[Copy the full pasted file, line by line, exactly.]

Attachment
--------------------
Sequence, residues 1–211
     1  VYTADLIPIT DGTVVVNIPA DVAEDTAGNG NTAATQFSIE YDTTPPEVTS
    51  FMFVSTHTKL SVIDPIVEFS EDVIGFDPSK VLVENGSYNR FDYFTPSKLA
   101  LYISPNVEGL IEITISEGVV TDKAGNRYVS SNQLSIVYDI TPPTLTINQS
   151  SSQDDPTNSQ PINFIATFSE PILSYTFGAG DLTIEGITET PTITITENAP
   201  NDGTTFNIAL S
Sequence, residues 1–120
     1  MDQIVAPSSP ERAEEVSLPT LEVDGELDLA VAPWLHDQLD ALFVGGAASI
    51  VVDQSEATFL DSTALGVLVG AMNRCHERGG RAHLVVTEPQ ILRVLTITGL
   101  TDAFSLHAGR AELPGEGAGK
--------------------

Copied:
Sequence, residues 1–211
     1  VYTADLIPIT DGTVVVNIPA DVAEDTAGNG NTAATQFSIE YDTTPPEVTS
    51  FMFVSTHTKL SVIDPIVEFS EDVIGFDPSK VLVENGSYNR FDYFTPSKLA
   101  LYISPNVEGL IEITISEGVV TDKAGNRYVS SNQLSIVYDI TPPTLTINQS
   151  SSQDDPTNSQ PINFIATFSE PILSYTFGAG DLTIEGITET PTITITENAP
   201  NDGTTFNIAL S
Sequence, residues 1–120
     1  MDQIVAPSSP ERAEEVSLPT LEVDGELDLA VAPWLHDQLD ALFVGGAASI
    51  VVDQSEATFL DSTALGVLVG AMNRCHERGG RAHLVVTEPQ ILRVLTITGL
   101  TDAFSLHAGR AELPGEGAGK